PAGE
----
Ferris Wheel Problem using Mathematica

In summary, the conversation discusses a problem where a stunt person needs to safely land in a rescue boat that is approaching a large Ferris wheel. The person is initially standing on top of the wheel, which is rotating at a constant angular velocity, and the boat is approaching at a constant speed. The person has no initial velocity and there is no friction in the problem. The conversation also mentions using Mathematica to solve the problem and determining the correct angle for the person to step off the wheel. There may be other possible solutions and the conversation also mentions checking for the absolute difference between the two x-coordinates. There is some confusion about the use of the Throw function in Mathematica and the possibility of posting in other forums for assistance.
  • #1
Bakir
4
0
Consider a large Ferris wheel 30 meters in radius and its center stands 80 meters above lake level. At t = 0, a stunt person stands on the top of the Ferris wheel (theta = 0 degrees) which is rotating at a constant angular velocity w = 0.2 rad/s. At t = 0, a rescue boat is 150 m from the vertical center line of the Ferris wheel and travels toward the base of the wheel at a constant speed of 10 m/s.

(In other words, if the center of the wheel has coordinates (0, 80) and the initial coordinates of the person are (0, 110), the initial position of the front of the boat is (150, 0)).

Assume the person has no initial velocity other than that of the rotating wheel; assume also that there are no sources of friction in this problem. Assume further that the boat is one meter in length and the long axis of the boat is moving directly toward the Ferris wheel. The Ferris wheel is rotating toward the incoming boat.Your program will allow you to determine when should the stunt person step off the Ferris wheel to safely land in the boat as it speeds by. At what angle (with respect to the vertical) should the person step off to accomplish this? Is there only one solution for this set of parameters or are there other angles that would work?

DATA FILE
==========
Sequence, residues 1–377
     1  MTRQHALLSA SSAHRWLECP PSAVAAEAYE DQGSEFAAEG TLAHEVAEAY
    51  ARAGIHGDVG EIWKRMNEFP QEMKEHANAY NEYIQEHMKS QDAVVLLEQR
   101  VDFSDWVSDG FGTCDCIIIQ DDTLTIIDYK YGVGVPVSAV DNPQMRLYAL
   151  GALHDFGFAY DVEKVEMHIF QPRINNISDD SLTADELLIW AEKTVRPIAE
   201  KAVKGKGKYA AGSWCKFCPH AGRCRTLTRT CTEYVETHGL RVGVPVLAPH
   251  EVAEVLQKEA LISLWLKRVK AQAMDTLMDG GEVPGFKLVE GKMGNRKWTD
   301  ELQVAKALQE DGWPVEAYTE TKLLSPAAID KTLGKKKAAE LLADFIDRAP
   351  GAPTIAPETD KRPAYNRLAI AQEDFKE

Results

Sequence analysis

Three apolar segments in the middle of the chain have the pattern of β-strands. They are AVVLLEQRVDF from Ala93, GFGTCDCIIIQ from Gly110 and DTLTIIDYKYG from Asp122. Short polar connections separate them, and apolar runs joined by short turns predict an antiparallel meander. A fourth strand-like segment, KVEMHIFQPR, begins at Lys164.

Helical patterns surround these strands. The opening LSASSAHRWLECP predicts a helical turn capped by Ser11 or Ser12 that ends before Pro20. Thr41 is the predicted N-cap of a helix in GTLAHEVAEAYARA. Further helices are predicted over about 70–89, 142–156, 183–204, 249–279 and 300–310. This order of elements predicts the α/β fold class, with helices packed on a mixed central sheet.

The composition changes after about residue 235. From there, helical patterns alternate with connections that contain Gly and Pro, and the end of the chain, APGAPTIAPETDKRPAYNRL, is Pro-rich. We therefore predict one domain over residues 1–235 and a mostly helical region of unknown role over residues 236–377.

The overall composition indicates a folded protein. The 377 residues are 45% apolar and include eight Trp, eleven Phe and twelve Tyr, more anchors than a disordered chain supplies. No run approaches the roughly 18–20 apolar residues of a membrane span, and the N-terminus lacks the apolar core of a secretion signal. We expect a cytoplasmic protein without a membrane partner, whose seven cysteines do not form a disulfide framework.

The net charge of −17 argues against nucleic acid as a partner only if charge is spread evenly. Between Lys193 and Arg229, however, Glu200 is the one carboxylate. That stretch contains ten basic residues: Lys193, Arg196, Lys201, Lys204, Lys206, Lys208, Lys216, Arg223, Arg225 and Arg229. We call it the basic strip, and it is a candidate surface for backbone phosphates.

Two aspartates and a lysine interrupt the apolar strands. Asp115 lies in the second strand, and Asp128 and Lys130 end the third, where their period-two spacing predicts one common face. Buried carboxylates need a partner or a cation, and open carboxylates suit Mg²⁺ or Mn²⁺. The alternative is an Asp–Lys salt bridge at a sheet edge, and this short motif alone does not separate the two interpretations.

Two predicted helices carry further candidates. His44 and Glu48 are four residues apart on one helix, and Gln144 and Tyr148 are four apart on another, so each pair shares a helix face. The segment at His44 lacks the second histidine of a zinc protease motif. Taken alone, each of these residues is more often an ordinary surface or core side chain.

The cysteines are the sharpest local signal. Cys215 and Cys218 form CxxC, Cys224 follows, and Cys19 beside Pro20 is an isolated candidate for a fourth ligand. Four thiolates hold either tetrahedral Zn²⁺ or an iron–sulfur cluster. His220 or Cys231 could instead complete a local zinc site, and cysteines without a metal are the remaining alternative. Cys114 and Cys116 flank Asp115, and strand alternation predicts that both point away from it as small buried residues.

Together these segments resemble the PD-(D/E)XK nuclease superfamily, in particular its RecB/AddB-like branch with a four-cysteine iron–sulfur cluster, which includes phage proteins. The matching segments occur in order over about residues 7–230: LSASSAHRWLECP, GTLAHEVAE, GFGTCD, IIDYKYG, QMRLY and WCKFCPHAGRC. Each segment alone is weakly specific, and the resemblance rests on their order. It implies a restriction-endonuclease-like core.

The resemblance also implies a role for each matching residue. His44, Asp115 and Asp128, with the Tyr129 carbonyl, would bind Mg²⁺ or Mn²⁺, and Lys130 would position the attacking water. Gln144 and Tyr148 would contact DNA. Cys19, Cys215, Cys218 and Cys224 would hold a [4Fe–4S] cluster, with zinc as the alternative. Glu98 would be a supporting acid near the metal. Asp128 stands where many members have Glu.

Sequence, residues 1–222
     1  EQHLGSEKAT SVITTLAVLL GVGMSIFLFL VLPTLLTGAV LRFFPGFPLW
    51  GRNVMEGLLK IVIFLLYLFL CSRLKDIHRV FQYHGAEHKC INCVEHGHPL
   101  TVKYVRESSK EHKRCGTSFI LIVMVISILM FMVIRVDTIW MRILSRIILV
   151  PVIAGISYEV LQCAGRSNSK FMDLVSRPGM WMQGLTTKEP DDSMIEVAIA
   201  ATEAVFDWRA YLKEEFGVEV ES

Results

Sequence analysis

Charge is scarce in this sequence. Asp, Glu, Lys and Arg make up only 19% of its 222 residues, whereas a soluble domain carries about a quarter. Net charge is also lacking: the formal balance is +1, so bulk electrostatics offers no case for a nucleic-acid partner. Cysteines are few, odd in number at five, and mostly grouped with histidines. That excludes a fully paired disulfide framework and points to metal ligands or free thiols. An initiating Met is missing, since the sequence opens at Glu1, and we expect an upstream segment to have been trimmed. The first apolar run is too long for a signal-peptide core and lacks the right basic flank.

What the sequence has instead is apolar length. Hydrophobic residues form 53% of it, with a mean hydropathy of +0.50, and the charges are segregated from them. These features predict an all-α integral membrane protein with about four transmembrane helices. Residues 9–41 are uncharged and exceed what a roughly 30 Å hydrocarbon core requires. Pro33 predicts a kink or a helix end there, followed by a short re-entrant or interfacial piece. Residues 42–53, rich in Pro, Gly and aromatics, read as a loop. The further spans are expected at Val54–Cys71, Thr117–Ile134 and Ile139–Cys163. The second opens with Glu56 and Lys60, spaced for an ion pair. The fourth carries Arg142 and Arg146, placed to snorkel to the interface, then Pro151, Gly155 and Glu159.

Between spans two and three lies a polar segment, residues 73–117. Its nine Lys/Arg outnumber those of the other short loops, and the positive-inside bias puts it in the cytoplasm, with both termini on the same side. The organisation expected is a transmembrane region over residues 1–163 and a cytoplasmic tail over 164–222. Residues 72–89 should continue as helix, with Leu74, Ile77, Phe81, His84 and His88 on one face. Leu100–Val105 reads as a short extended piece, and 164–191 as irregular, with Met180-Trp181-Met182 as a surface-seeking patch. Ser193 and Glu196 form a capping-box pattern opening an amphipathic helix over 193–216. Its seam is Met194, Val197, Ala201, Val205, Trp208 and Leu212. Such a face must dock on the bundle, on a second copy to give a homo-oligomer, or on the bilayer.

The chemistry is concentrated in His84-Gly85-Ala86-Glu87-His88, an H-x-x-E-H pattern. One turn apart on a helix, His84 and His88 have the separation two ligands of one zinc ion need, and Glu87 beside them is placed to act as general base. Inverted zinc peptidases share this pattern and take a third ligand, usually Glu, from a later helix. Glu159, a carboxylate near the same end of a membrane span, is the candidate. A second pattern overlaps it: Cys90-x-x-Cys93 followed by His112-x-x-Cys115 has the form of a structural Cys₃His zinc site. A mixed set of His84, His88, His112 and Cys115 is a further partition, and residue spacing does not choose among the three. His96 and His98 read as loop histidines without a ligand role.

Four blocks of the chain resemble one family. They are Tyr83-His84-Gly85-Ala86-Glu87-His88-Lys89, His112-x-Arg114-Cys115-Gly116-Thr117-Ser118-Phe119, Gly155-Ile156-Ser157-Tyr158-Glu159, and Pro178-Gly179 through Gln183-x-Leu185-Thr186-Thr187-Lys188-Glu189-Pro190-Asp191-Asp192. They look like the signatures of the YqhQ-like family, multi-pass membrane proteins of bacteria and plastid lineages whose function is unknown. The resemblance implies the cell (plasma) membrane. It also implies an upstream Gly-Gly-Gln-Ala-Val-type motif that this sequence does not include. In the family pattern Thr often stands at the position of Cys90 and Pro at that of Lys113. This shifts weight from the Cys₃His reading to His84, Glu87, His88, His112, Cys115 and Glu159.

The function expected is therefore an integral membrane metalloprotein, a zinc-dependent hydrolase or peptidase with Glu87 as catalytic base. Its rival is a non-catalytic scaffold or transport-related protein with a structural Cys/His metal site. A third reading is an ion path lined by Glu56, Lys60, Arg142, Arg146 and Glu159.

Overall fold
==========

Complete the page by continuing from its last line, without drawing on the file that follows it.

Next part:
I have worked out this problem numerically and written the equations of motion for the person and the boat. I have also calculated numerically where and when the person lands if he/she steps off the wheel at theta = 0 degrees, theta = 90 degrees, theta = 180 degrees, and theta = 270 degrees. This informed me of the quadrant in which the correct solution occurs.

Could someone assist me in turning this into a mathematica program as I have no experience using it.

Thank You!
 

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  • #3
After some hours reading through mathematica I'm almost done with the code. I would appreciate it if someone could assist me from here... I know the print line will give me a correct angle if i substitute in 314 for n, but I'm not sure why my Catch line is giving its output as 1.
andrevdh said:
 

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  • #4
Shouldn't it be: (θ[n]) x (180/π) ?
It would have been more natural if you incremented t
and calculated θ, but this would also work.
Does the Catch Throw n (in which case you should maybe Throw[θ[n]]? ) or maybe it outputs true = 1?
Also shouldn't you check for the absolute difference between the two x-coordinates (= 0.5?) (would this give